Cover: Incentive Contract Use in Military Construction

Incentive Contract Use in Military Construction

Published 1993

by Clayton K. S. Chun


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This dissertation explores the replacement of the firm fixed price contract with the fixed price incentive (FPI) contract for the Air Force's military construction program. The study uses a simulation based on an optimal contract scheme developed by R. Preston McAfee and John McMillan. This simulation provides hypothetical values for FPI contract payments. The Air Force builds facilities for its forces that range from hangars to research laboratories. Congress appropriated about $1.5 billion in FY 1992 for Air Force military construction projects. This study examines military construction projects built in the United States, excluding military family housing. The McAfee and McMillan model calculates an estimated optimal share rate between the Air Force and the firm that minimizes contract payments. It uses the number of bidders, the firms' estimated costs, an estimated moral hazard rate, and risk measure. This model consists of three effects: the moral hazard, the bid competition, and the risk sharing effects. As the optimal share rate rises, the moral hazard effect raises the contract payment. Conversely, contract payments fall as the optimal share rate rises due to the bid competition and risk sharing effects. The use of FPI contracts for military construction projects can reduce the Air Force's payments by 9.1 percent. Payments fall as the number of bidders decreases and the variance between firms' estimated costs (and bids) increases. The projects that most exhibit these characteristics and result in lower contract payments include medical and utilities and energy projects. Additionally, projects acquired through the small business set aside program also result in higher savings. If the Air Force decides to use FPI contracts, it must consider certain impacts. The government must ensure its internal organizations and private firms will accept this new contract policy. It also must examine how the use of FPI contracts might apply to other procurements, other federal agencies application, reduced profitability for firms, increased competition, and the potential spread of private firm use. The Air Force can implement the FPI contract by allowing contracting officers to calculate individual share rates by computer program.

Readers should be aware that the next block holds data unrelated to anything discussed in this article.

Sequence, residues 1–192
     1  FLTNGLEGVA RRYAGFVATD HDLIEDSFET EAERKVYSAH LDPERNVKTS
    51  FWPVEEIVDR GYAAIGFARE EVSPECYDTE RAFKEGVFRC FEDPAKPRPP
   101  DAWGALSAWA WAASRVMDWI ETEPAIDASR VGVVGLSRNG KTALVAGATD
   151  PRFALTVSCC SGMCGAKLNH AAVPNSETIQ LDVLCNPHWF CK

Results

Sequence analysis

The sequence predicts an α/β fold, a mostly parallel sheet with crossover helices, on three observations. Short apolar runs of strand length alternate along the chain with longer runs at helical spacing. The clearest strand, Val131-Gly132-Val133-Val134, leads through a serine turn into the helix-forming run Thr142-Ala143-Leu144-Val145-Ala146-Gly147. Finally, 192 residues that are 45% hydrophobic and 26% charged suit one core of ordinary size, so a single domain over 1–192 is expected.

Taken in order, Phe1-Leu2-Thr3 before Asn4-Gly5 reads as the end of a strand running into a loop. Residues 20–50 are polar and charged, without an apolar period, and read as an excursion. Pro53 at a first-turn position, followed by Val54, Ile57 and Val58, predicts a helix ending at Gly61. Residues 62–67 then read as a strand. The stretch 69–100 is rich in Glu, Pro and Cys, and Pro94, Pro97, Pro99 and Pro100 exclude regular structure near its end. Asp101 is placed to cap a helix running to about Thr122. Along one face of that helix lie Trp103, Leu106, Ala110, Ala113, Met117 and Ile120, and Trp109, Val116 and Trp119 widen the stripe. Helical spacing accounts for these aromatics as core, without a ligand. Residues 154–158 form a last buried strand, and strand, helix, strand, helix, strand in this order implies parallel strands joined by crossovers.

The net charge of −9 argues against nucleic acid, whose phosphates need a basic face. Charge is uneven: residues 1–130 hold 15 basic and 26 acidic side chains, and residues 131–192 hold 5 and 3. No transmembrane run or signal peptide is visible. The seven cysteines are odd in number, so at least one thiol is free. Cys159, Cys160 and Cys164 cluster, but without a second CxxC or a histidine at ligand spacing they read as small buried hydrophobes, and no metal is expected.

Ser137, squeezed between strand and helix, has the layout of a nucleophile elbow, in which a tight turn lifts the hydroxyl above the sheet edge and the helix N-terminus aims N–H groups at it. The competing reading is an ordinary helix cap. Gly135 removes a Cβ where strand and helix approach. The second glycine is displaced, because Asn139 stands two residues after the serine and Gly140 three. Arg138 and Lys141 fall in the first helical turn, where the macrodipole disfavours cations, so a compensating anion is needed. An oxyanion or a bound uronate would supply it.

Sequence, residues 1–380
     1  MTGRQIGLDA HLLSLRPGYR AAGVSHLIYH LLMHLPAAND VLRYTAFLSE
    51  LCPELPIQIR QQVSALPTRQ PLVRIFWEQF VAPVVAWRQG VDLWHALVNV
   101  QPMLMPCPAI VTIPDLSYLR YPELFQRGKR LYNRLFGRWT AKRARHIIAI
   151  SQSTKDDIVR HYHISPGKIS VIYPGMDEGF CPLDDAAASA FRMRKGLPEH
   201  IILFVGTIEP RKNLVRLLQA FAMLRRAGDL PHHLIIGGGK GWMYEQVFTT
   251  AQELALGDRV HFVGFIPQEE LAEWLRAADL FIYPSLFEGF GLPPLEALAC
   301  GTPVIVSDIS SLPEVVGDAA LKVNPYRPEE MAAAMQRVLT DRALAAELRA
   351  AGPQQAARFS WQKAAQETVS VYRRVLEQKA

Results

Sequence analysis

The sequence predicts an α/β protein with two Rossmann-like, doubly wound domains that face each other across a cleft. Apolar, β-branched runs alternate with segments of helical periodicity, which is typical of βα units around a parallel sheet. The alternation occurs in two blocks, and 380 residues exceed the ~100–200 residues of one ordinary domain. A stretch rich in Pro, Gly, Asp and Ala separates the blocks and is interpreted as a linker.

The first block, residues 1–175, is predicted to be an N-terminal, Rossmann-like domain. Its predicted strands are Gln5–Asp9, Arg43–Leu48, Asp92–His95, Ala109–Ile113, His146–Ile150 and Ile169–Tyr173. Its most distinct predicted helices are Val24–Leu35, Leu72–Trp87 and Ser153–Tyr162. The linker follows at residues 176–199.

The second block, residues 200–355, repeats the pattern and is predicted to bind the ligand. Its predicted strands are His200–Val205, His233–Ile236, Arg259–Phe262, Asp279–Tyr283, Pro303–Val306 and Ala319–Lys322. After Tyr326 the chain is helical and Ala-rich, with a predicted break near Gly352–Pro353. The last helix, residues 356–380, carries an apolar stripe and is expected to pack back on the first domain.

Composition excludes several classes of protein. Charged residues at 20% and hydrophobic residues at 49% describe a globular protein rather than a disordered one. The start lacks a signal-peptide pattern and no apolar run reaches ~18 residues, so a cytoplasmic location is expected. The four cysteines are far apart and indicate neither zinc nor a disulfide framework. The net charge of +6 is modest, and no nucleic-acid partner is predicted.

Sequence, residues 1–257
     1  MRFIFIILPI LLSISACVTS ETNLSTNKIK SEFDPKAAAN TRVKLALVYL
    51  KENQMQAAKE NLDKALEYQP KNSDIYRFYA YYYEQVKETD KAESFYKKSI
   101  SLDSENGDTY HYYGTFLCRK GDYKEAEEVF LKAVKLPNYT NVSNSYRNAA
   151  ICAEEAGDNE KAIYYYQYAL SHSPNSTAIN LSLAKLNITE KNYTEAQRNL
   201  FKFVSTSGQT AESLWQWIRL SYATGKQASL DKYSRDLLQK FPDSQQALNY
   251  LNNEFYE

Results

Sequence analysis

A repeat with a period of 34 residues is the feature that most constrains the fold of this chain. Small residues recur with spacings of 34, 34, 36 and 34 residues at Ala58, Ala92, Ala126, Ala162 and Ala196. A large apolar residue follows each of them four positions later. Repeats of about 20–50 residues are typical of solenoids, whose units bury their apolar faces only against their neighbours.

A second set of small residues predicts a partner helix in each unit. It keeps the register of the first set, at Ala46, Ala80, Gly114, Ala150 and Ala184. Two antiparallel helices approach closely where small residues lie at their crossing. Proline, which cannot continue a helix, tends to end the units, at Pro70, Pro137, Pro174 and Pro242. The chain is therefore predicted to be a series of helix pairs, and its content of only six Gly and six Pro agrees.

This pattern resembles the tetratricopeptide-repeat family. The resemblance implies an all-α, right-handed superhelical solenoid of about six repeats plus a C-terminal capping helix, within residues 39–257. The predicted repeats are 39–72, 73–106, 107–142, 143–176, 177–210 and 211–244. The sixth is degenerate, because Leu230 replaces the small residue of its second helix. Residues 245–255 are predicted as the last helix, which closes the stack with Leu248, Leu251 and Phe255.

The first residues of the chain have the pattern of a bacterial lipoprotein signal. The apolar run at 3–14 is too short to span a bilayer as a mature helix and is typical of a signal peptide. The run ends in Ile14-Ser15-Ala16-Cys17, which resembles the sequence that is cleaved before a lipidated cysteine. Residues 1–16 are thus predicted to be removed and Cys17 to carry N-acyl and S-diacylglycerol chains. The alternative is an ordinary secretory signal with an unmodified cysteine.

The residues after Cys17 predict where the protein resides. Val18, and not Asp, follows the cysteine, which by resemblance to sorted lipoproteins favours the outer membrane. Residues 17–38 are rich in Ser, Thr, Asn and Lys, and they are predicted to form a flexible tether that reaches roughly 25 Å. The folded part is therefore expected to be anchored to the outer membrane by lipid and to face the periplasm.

This report is part of the RAND note series. The note was a product of RAND from 1979 to 1993 that reported other outputs of sponsored research for general distribution.

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